Eosinophil glycerophospholipids were labeled with [3H]-AA as described (9). Briefly, cells were incubated with 1 μCi of [3H]-AA (New England Nuclear) per 1 × 106 cells in HBSS containing essentially fatty acid–free human serum albumin (250 μg/ml) for 1 hour at 37°C and washed several times to remove excess label. These pulse-labeled cells were incubated for 24 hours at 37°C in RMPI to allow AA redistribution through glycerophospholipids before inhibition with 20 or 40 μM SK&F 98625 for an additional 24 hours. Cells were centrifuged, lipids extracted (22), and AA distribution analyzed by TLC on Silica Gel G plates resolved with heaxane:ether:formic acid (90:60:6) (21).
Polyacrylamide gel electrophoresis and Western analysis was performed on eosinophil cytosolic fractions to determine the degree of gIVαPLA2 phosphorylation. Fifty micrograms of eosinophil cytosolic protein were resolved on 7.5% PAGE with SDS. Proteins were transferred to Immobilon PVDF membrane. A rabbit, anti-peptide antibody was raised against peptide residues 443 to 462 of gIVαPLA2 as described (19, 21), affinity purified, and used as described (21). Blots were developed and detected by enhanced chemiluminescence. Densitometry of film bands was obtained using a Pharmacia Biotech Image Master software system (Uppsala, Sweden) coupled to a Sharp X 32F6 scanner. Images in this article are from single experiments representative of –three to nine experiments per condition and were reproduced here by scanning an ECL film using a Hewlett -Packard Scanjet 5370C (Palo Alto, CA).
Apoptotic induction of DNA fragmentation ladders was assayed using a Gentra Puregene DNA Isolation kit (Qiagen, Valencia, CA) according to the manufacturer's instructions as described (20) and resolved by electrophoresis on a 1.2% agarose gel with ethidium bromide detection.
Annexin V binding to newly exposed cell surface phosphatidylserine was measured using an R&D Systems protocol without a final wash step. At least 100 cells per sample were quantitated utilizing a Zeiss inverted fluorescence microscope (Thornwood, NY).
Eosinophil cell volumes were quantitated by a Coulter counter (Coulter Electronics, Hialeah, FL), counting 10,000 cells per condition.
Eosinophil cytospins were prepared and stained in Baxter's Diff-Quik Stains and examined under light microscopy (> 100 cells each) for morphologic changes, including nuclear rounding and shrinkage (20).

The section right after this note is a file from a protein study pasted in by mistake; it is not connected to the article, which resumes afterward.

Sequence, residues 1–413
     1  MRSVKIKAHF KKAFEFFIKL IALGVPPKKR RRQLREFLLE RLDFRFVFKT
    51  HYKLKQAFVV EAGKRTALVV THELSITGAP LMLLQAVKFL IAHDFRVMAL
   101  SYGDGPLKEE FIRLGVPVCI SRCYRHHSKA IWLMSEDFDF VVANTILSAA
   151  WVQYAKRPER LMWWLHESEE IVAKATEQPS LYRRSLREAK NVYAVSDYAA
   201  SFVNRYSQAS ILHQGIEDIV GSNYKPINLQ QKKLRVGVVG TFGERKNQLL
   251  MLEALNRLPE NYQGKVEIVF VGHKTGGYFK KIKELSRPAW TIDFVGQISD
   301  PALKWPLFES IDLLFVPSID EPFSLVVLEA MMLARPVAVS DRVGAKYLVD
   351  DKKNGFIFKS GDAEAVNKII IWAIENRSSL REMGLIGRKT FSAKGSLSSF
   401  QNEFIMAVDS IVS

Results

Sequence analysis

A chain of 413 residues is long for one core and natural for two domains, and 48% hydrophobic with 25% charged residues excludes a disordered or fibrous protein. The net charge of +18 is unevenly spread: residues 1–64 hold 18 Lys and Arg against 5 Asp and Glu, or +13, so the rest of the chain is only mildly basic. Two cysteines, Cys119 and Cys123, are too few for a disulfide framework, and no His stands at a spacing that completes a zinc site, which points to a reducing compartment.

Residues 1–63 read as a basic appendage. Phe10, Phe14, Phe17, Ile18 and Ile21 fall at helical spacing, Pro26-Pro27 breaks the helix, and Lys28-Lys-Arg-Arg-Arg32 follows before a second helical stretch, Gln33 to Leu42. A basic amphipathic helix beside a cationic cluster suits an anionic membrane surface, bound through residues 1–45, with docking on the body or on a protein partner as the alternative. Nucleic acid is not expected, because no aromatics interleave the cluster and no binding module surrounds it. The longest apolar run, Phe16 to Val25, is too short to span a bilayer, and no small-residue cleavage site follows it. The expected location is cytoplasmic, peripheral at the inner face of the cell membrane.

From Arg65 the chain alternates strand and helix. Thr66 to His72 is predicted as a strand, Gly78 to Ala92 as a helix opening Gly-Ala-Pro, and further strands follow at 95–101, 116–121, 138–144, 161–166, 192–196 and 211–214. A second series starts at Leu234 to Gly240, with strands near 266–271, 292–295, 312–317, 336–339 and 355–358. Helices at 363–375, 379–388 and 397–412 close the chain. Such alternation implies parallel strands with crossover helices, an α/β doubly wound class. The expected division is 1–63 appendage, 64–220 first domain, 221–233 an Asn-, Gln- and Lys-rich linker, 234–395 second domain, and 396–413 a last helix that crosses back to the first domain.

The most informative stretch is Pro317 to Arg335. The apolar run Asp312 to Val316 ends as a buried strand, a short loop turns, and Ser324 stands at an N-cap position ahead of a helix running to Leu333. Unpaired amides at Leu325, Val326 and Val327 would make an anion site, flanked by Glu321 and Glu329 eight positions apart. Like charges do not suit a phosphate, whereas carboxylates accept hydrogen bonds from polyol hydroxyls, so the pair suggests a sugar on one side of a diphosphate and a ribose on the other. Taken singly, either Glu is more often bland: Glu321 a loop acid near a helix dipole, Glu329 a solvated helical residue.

Membrane integrity was measured by examining the exclusion of trypan blue by light microscopy.
Caspase 8 or 9 activity was measured using an R&D Systems protocol with samples incubated for 2 hours with fluorescent conjugated caspase-specific peptide substrates, IETD-AFC substrate for caspase 8 and LEHD-AFC substrate for caspase 9. Fluorescence was measured at an excitation of 400/505 nm excitation/emission on an SLM 8000C spectrofluorometer.
All data are presented as the mean ± SEM, where n ≥ 3 separate blood donors. Significance (P ≤ 0.05 unless stated) of asthma subject data before and after allergen challenge was evaluated by paired t test unless noted. Comparison of patient data to that of control subjects without asthma was evaluated by unpaired t test.
IL-5 has been documented to prolong eosinophil survival and to prime a number of eosinophil functions including oxidant production and LTC4 release (23). Initial in vitro experiments confirmed that IL-5 (50 ng/ml) prolonged the survival of peripheral blood eosinophils in tissue culture for over 50% of the cells at 96 hours in vitro (our unpublished data).
In several neoplastic cells, enhanced cell survival and proliferation have been associated with a notable increase in AA-phosopholipid remodeling. Consequently, the influence of IL-5 on the activity of enzymes that control AA-phospholipid remodeling in leukocytes was measured. Measurement from cell sonicates demonstrated that incubation of normal donor eosinophils with 100 pg/ml IL-5 activated cPLA2. In vitro, IL-5 activated cPLA2 activity (255 ± 60% increase over unstimulated control cells) within 30 minutes of providing the cytokine (Figure 1, squares). This doubling of activity was maintained for the 20 hours in which it was examined (241 ± 65%). Results with IL-5 were normalized relative to the paired control (no IL-5) sample at each time point.
IL-5 also increased CoA-IT activity; however, these changes were not observed until later in the time course (Figure 1, circles). At 72 hours there was a significant increase (155 ± 19%, P < 0.05) in CoA-IT activity when compared with non–IL-5–treated cells.
Blocking AA-phospholipid remodeling using CoA-IT inhibitors has been reported to induce apoptosis in several neoplastic cell lines (24). Therefore, the next set of experiments examined the effect of CoA-IT inhibitors on eosinophil apoptosis. The CoA-IT inhibitor, SK&F 98625, is a reversible antagonist of CoA-IT with an IC50 of 5–10 μM in cell-free assays and an IC50 of 15 to 25 μM in whole cells (25). In initial experiments, peripheral blood eosinophils were isolated and cultured with increasing concentrations of SK&F 98625 and then apoptosis was monitored by examining the formation of 200–base pair fragments of DNA into DNA ladders. DNA fragmentation was evident as SK&F 98625 concentration increased, consistent with apoptotic activation of nuclease activity (Figure 2A). This induction of apoptosis was confirmed by measuring the translocation of phosphatidylserine (PS) to the surface of the plasma membrane of eosinophils cultured in the presence and absence of IL-5. Figure 2B shows that SK&F 98625 caused significant concentration-dependent increases in PS translocation 24 hours after treatment. Other apoptotic characteristics observed included changes in cell volume, morphology, and trypan blue exclusion (our unpublished data). All of these assays confirmed that SK&F 98625 induced apoptosis of eosinophils. Similarly, when eosinophils were incubated with IL-5, fewer cells became apoptotic (solid bars in Figure 2C). However, SK&F 98625 (20 μM or 40 μM) completely reversed the capacity of IL-5 to increase eosinophil survival, inducing significant apoptosis in a dose-dependent manner (Figure 2C).